Based on the Medscape survey, there is a relationship between debt and burnout. Free time is one of the great aspects of emergency medicine. However, many emergency physicians then have the capacity to pick up extra shifts for more dollars and this in turn can allow us to quickly live beyond our means or be forced to work more than full time to keep up with our lifestyle. Additionally, there is a relationship between burnout and those who take less than 2 weeks of vacation a year. Vacation, or time away from work is critical to recharging your battery and enjoying life.
I frequently tell people that the scheduler is the most important person in the group.
Not a surprise that not being in control of your work hours increases stress. We’ve picked a shift-work career that involves weekends and holidays so it doesn’t surprise me that docs in the prime of their career are now frustrated with the lifestyle that the career they picked entails. Many of these docs are tired of the nights, weekends, and holidays and want control over their schedule. Sometimes people realize that having a fixed schedule (even if it’s nights or weekends), gives them the control and stability to live a fuller life with regular hours.
First, we should take great pride in what we do. 130 million patients come to EDs each year and put their trust and faith in you to care for them regardless of their complaint. Our skill set is amazing—we’re great diagnosticians and find solutions to problems that others can’t.
But I’m also a realist and I have two basic management philosophies. The first is to play the cards I’ve been dealt the best way I can. And the second comes from the Serenity Prayer, i.e. to accept the things I can’t change, etc… While there is a time and a place to fight for change, many of the frustrated docs I encounter (friends or at work) don’t do this productively. While I play the game the best I can, if you want to work for change, I think you need to take your frustrations and turn them into organized action and the best way to do this may be to get involved with organized medicine, like ACEP and the AMA.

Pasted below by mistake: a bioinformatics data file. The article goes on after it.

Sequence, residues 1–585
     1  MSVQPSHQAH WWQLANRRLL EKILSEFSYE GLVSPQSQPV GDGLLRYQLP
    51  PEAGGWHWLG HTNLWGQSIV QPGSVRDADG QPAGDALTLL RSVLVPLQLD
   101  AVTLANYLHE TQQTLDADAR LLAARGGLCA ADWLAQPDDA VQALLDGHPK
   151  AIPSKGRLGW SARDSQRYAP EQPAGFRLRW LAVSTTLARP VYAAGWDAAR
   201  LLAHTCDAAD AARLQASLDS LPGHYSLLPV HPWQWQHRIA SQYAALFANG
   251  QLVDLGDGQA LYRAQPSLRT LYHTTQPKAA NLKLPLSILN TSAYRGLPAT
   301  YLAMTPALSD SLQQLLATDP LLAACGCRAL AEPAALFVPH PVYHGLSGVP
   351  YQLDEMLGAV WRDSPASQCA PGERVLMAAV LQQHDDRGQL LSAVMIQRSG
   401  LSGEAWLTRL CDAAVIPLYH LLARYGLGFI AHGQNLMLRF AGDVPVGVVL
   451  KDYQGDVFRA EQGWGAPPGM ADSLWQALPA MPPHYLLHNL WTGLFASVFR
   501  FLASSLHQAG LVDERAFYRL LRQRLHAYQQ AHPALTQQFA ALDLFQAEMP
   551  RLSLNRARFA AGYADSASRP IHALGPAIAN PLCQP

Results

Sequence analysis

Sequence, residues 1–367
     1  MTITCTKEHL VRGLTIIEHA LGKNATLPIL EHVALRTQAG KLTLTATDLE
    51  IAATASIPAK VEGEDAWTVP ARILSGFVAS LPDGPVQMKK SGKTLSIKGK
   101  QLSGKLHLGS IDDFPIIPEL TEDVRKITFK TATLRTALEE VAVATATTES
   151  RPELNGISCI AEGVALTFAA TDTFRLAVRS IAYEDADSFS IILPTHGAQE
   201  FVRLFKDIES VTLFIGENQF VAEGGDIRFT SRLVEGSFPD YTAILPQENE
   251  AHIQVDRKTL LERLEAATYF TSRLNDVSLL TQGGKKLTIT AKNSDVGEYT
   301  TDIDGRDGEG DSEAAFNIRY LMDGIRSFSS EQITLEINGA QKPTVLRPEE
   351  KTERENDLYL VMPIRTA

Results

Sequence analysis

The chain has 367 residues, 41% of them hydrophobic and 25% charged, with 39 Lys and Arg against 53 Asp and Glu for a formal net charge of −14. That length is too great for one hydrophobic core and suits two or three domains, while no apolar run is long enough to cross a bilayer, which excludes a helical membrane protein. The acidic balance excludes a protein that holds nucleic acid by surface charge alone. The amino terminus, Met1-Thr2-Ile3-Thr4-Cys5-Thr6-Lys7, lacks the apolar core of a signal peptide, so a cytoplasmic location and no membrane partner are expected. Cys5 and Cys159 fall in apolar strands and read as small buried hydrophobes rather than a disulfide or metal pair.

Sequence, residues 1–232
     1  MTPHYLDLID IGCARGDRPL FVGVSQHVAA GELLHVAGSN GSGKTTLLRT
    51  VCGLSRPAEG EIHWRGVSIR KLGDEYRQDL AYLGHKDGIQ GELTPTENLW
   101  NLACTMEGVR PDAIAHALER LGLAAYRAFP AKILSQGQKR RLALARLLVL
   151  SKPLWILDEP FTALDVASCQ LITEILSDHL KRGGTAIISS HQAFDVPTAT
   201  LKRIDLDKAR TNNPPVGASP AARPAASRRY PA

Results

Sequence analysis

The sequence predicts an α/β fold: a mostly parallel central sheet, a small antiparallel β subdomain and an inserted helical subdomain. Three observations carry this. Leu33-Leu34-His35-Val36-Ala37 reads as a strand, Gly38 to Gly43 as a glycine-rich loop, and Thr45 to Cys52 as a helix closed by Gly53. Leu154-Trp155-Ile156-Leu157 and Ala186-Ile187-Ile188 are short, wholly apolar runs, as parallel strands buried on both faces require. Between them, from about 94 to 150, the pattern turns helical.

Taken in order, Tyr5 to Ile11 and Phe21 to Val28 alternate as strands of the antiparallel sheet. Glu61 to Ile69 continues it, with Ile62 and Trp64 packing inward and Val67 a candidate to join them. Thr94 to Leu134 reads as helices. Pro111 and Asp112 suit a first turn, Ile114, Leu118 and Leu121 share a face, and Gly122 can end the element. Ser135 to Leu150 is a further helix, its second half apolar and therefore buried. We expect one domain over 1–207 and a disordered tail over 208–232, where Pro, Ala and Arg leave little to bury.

Any investment that you make in addressing symptoms of burnout will pay dividends in many ways. You’ll extend your career, enjoy work more, and probably be a better spouse, friend, etc…As an individual, we all need to self-reflect to see what motivates us. Author Simon Sinek discusses why inspirational leadership starts with explaining “the why,” which is the groups purpose. Consider this self-reflection on understanding your motivation as knowing your own why. Hopefully, it’s taking care of patients. In a different Medscape survey, the EM Physician Compensation Report (April 2015), 40% of us listed the most rewarding part of our job being “very good at what I do/finding answers, diagnoses.” Unfortunately, in the same survey, 4% of men and 7% of women found no aspect of their job rewarding. We need to understand what we value and find rewards within our job. We all went into medicine with tremendous passion and excitement and while I don’t expect a 10 year vet to have the same eyes-wide open view as a med student, I hope that each of us when we’re feeling really frustrated with the job can remember why we originally went into medicine. I’ve spoken to several people recently who had just returned from medical mission trips. These may be as short as a week, but universally, the docs told me they found these to be recharging experiences—caring for hundreds of patients with limited equipment but doing “real medicine” with no paperwork. Some docs describe these trips as the antidote to compassion fatigue. This may be the rewarding experience you need to remember why you went into medicine.